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30-Year Establishes New Record as Volatility Lurks

Rates

Fixed mortgage rates were little changed from their record-low levels, though the long-term mortgage did set a new record. Interest rates are poised to maintain their current lows, but a looming European sovereign debt crisis remains a lingering threat to global financial markets.

It was another new low for the 30-year mortgage.

In its Primary Mortgage Market Survey for the week ended Thursday, Freddie Mac reported that fixed-rate 30-year loans averaged a record 3.78 percent. The 30 year slipped 1 basis point from last week and was 82 BPS better than the same week in 2011.

Next week’s report from Freddie isn’t likely to be much different based on Treasury market activity. The 10-year Treasury note yield, a benchmark for fixed-rate mortgages, averaged 1.76 percent during the period that Freddie surveyed its 125 lenders for this week’s report, according to Department of the Treasury data. The 10-year yield closed at 1.77 percent today.

However, the threat of a Greek exit from the Euro Zone lingers, and any new developments could roil world financial markets and push the 10-year Treasury yield below its record-low 1.72 percent established on May 17. Also potentially increasing volatility is further deterioration in Spain’s debt crisis.

A majority of panelists surveyed by Bankrate.com for the week May 24 to May 30 agreed that rates will move little over the next week or so. An increase of at least 3 BPS was predicted by 36 percent of the panelists, while just 9 percent saw a decline ahead.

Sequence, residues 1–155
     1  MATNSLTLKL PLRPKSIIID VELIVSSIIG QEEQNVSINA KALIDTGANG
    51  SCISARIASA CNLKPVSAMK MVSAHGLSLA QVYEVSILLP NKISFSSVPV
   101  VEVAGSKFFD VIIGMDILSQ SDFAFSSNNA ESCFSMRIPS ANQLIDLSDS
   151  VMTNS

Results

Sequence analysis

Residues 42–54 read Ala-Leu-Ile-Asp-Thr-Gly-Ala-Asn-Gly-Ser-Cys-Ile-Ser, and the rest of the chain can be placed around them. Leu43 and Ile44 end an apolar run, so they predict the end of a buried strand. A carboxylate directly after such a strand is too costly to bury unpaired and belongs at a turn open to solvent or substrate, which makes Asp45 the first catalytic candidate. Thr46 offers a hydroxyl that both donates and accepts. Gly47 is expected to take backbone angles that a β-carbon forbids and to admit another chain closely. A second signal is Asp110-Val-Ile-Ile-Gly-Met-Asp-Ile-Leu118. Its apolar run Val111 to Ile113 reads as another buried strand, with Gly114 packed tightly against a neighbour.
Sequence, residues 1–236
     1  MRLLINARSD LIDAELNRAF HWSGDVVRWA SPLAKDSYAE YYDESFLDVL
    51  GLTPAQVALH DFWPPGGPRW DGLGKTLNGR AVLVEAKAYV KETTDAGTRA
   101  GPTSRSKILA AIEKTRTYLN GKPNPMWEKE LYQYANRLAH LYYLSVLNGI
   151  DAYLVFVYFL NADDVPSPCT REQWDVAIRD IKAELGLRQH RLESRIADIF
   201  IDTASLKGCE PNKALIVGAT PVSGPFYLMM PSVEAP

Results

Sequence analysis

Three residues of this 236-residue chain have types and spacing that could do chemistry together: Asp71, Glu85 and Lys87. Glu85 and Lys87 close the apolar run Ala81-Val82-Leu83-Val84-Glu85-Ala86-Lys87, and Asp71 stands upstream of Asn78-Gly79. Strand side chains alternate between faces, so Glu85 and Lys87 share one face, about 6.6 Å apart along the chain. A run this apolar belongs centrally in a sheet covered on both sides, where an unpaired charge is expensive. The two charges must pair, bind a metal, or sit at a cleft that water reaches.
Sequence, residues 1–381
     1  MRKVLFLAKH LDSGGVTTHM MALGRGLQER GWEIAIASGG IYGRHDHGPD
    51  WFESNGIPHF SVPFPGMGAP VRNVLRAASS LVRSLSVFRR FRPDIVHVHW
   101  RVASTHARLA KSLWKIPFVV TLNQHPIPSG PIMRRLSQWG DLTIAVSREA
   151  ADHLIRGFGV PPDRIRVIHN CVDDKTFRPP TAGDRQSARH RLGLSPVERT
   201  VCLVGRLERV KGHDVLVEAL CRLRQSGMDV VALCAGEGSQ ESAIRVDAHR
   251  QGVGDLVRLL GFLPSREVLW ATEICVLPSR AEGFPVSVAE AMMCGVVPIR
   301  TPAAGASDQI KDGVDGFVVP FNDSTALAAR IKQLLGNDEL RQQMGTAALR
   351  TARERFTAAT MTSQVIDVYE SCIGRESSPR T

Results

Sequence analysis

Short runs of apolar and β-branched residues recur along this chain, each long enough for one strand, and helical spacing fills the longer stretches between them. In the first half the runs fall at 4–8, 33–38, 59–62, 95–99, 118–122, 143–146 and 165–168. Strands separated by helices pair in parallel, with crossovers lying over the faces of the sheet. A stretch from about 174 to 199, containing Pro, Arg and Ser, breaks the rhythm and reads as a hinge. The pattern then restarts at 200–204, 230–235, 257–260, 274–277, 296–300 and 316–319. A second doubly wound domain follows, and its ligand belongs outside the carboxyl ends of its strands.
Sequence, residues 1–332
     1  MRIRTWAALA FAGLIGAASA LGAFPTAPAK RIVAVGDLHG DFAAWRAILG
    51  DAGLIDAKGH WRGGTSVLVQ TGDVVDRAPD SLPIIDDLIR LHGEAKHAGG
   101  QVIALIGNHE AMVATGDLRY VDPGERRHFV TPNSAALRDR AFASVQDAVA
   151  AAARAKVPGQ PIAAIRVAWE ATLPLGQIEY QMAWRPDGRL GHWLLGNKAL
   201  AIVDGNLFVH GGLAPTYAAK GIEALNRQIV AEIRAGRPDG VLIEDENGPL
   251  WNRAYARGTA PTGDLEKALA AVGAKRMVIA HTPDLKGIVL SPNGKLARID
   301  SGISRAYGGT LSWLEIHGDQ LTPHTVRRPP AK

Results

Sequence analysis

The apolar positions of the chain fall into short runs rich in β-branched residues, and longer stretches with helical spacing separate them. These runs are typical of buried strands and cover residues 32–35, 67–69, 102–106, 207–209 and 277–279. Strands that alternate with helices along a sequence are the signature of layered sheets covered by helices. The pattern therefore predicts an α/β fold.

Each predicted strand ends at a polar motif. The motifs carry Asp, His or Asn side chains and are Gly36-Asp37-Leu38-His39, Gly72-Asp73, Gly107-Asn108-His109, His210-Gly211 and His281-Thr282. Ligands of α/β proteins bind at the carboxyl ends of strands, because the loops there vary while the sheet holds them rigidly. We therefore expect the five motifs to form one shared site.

Looking further out, Freddie predicts that the 30-year mortgage will average 3.9 percent this quarter, 4.0 percent in the third quarter and 4.2 percent in the final three months of 2012.

The Mortgage Bankers Association is a little less optimistic than Freddie, with its forecast calling for a 4.0 percent rate in the second quarter, a 4.1 percent rate in the third quarter and a 4.3 percent 30-year rate in the final quarter of this year.

Jumbo mortgages were priced at a 63-basis-point premium over conforming loans in the U.S. Mortgage Market Index report from Mortech Inc. and Mortgage Daily for the week ended May 18. The jumbo-conforming spread deteriorated from 57 BPS in the prior report and was worse for the second consecutive week.

While there was no decline in the 15-year fixed-rate mortgage, Freddie reported that the shorter-term loan remained at a record-low 3.04 percent. But the 15 year did lose a little of its luster this week, with the discount over 30-year loans inching down to 74 BPS from last week’s spread of 75 BPS.

Freddie said there was also no change from a week earlier for the five-year, Treasury-indexed, hybrid, adjustable-rate mortgage, which rolled in at 2.83 percent.

A 3-basis-point week-over-week decline was recorded for the one-year Treasury-indexed ARM, which Freddie reported at 2.75 percent. The one-year ARM was 3.11 percent during this week last year.

Freddie forecasts the one year to average 2.8 percent in the second quarter then rise 10 BPS in both the third and fourth quarters.

The yield on the one-year Treasury note, which is utilized to determine rate adjustments on the one-year ARM, inched up to 0.21 percent today from 0.20 percent a week ago, the Treasury Department reported.

A 1-basis-point uptick from last week left the six-month London Interbank Offered Rate at 0.74 percent as of Wednesday, Bankrate.com reported.

ARM share of loan pricing inquiries slipped to 4.390 percent in the Mortgage Market Index report from 4.562 percent seven days prior.

MBA has ARM share of closed loans at 5 percent for the second quarter and 6 percent for the second-half 2012.

Freddie predicts that ARM share of originations will be 15 percent from the second quarter through the end of 2013.

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